Kiyosi Itô, a professor of mathematics at Kyoto University, was regarded as the greatest living expert on probability theory. His chief contribution was to find a way to extend the calculus to include the dynamics of random objects. This field is now standard working equipment of, among others, mathematicians in the financial services industry, handling financial derivatives and the like.
Kiyosi Itô was born in 1915 in Hokusei-cho, Mie Prefecture, Japan. He studied mathematics at the Imperial University in Tokyo, and as a student was drawn to probability theory -- where one sees order out of chaos -- mathematics used not to predict individual random outcomes but to make overall or statistical statements, which can be very precise and informative. He devoted his life to the field, and lived to see his name attached to the everyday tools of those who model the uncertainty in the world about us.
When Itô graduated, in 1938, probability theory was not a well-developed mathematical discipline. The decisive step in harnessing the relevant modern mathematics to describe randomness and uncertainty had only recently been taken, by the Russian mathematician Kolmogorov in 1933, and outside the Russian school few mathematicians of world rank were active in the field, including Lévy in France and Doob in the US.
Itô was fortunate in spending five formative years working in the Cabinet Statistical Bureau. Here, under its enlightened director Kawashima, he had ample study time, which he used to master the works of Kolmogorov, Lévy and Doob, and then to make some of his own most outstanding contributions.
The most powerful single technique in mathematics, and indeed in the whole of science, is calculus -- the differential and integral calculus developed in the 17th century by Newton and Leibniz. This gives one the language needed to describe dynamics -- such things as the trajectory of a projectile, or the evolution of a physical system. Itô extended the calculus to include stochastic processes. The familiar Newton-Leibniz formalism was extended to include novel terms -- the Itô or correction terms, which turn out to be crucial. Itô's extension of the chain rule (or the product rule) of ordinary calculus has become known as Itô's formula, or Itô's lemma, and is at the heart of modern stochastic calculus.
In 1943 Itô became an assistant professor at Nagoya Imperial University. He had started publishing remarkable mathematical research in 1940, despite such wartime difficulties as inadequate libraries and lack of scientific contact with the West. His paper on the stochastic integral (now known as the Itô integral) appeared in 1944. He was awarded his doctorate in 1945.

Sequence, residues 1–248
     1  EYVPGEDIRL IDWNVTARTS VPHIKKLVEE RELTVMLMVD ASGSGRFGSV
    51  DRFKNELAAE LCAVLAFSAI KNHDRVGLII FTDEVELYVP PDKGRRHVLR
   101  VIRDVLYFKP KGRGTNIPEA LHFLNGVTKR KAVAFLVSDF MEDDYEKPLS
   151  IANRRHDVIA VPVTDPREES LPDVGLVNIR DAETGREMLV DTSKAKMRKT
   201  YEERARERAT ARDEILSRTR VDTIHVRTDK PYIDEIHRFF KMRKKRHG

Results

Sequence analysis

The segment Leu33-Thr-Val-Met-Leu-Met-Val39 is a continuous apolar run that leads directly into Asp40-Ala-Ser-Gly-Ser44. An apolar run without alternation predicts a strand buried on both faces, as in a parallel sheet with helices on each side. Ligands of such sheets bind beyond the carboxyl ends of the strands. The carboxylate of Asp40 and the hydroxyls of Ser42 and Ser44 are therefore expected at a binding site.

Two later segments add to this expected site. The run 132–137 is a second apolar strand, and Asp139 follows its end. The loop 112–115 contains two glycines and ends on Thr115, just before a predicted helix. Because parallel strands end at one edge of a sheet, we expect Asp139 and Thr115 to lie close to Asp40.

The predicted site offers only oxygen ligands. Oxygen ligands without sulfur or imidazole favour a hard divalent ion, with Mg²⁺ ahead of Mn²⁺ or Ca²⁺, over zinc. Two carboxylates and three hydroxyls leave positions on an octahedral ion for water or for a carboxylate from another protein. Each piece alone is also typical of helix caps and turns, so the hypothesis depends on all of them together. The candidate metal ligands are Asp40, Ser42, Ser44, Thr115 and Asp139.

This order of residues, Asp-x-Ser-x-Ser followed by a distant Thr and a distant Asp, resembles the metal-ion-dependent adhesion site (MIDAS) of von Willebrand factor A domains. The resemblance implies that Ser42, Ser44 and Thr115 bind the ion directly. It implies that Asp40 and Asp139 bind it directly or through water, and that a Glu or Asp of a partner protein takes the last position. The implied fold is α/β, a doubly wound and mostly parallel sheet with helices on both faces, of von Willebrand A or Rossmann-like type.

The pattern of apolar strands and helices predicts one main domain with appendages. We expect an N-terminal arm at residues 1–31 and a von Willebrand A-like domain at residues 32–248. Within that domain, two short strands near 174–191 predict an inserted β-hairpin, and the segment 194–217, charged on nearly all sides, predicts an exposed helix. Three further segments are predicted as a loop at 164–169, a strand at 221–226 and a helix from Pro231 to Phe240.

For Itô the 1940s were a period of intense research activity and growing fame. In 1952 he became a professor of mathematics at Kyoto University, where he remained until his retirement in 1979, apart from visits abroad -- to Princeton in 1954-56, to Bombay, Aarhus and Cornell. He remained mathematically active after his retirement, and continued as a professor at Gakushuin University (it is common for distinguished Japanese academics to continue in the private sector after retiring from the public one). His last years were dogged by ill-health.
Itô wrote several influential books on probability theory and stochastic processes, some translated from the Japanese, and one particular classic, Diffusion Processes and Their Sample Paths, with the US mathematician Henry McKean in 1965 (diffusions are random, or stochastic, processes which evolve in time continuously and without memory).
Perhaps his other most important single contribution was his development of excursion theory, according to which the evolution in time of a stochastic process may be decomposed into excursions away from some fixed point; the resulting formalism, though powerful, is difficult, as there are in general infinitely many such excursions in finite time.
Itô's mathematical style was very direct, and appealed to probabilistic intuition rather than relying on analytic methods or mathematical formalism.
The profound impact of his work on mathematical finance is not accidental: Itô was motivated in his development of his integral in the 1940s by considering how the evolution of the return on a stock should be modelled by decomposing it into a deterministic term (the mean return, modelled as with money in the bank), and a stochastic risky term, modelling the uncertainty in the financial and economic climate. His work built on and corrected the first attempts to use such methods for financial modelling, due to the French mathematician Bachelier in 1900.
Itô will be remembered as the father of Japanese probability, as one of the very greatest probabilists and, with Bachelier, as one of the founding fathers of mathematical finance.
Itô received numerous prizes and honorary degrees. He was elected to the US National Academy of Science and to the Académie des Sciences of France. Only a week before his death he was awarded the Culture Medal of Japan, the highest prize awarded by the Emperor. The Japanese mathematical community was intensely proud of him. Largely through his influence and prestige, probability is still very strong in Japan. Japanese probabilists tended to refer to him among themselves as "the Emperor".
Kiyosi Itô is survived by his three daughters.
Professor Kiyosi Itô, mathematician, was born on September 7, 1915. He died on November 10, 2008, aged 93